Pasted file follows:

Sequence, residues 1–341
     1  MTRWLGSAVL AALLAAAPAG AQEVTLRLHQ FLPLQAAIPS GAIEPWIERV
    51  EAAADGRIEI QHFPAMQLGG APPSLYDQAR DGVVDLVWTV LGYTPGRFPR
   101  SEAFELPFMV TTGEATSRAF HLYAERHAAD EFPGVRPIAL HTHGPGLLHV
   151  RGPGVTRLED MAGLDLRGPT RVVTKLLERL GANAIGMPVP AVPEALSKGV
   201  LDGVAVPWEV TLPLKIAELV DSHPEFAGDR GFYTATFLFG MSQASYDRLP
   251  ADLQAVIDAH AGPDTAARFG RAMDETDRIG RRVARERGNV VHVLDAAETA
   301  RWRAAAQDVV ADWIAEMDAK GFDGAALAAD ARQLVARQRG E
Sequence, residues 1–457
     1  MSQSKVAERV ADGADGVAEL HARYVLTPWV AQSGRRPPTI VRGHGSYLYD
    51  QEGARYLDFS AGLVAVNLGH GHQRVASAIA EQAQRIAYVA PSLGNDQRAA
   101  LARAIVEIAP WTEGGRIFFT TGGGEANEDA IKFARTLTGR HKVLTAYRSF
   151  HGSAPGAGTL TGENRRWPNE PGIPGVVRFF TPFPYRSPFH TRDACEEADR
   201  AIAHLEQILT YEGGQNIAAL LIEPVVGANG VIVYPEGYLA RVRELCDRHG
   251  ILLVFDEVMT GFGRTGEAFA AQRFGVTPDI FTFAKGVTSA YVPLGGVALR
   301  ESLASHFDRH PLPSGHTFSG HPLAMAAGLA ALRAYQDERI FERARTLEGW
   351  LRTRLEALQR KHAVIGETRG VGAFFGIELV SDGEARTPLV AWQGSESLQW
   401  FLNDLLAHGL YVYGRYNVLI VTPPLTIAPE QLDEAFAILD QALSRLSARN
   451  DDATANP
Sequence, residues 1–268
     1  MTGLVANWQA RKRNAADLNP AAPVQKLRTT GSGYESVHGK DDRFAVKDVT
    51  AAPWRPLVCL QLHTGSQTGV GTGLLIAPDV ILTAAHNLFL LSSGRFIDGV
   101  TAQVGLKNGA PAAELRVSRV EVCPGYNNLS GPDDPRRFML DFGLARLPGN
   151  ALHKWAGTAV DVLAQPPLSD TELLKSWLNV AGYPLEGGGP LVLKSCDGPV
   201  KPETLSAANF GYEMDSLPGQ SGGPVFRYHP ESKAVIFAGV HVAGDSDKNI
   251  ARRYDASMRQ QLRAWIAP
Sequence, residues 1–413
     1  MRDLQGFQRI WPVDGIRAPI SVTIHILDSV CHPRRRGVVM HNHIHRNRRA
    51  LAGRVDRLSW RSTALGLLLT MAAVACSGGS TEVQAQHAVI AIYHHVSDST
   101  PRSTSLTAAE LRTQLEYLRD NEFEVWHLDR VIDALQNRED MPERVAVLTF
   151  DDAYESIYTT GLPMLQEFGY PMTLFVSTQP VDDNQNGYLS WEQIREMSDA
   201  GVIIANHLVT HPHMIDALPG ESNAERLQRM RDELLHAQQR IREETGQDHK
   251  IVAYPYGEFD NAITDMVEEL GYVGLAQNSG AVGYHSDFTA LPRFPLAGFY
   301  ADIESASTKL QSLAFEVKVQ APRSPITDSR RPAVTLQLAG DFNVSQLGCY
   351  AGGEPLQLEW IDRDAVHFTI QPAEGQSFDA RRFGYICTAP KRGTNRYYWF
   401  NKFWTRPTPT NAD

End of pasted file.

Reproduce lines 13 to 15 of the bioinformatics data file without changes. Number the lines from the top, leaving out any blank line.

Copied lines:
   151  HGSAPGAGTL TGENRRWPNE PGIPGVVRFF TPFPYRSPFH TRDACEEADR
   201  AIAHLEQILT YEGGQNIAAL LIEPVVGANG VIVYPEGYLA RVRELCDRHG
   251  ILLVFDEVMT GFGRTGEAFA AQRFGVTPDI FTFAKGVTSA YVPLGGVALR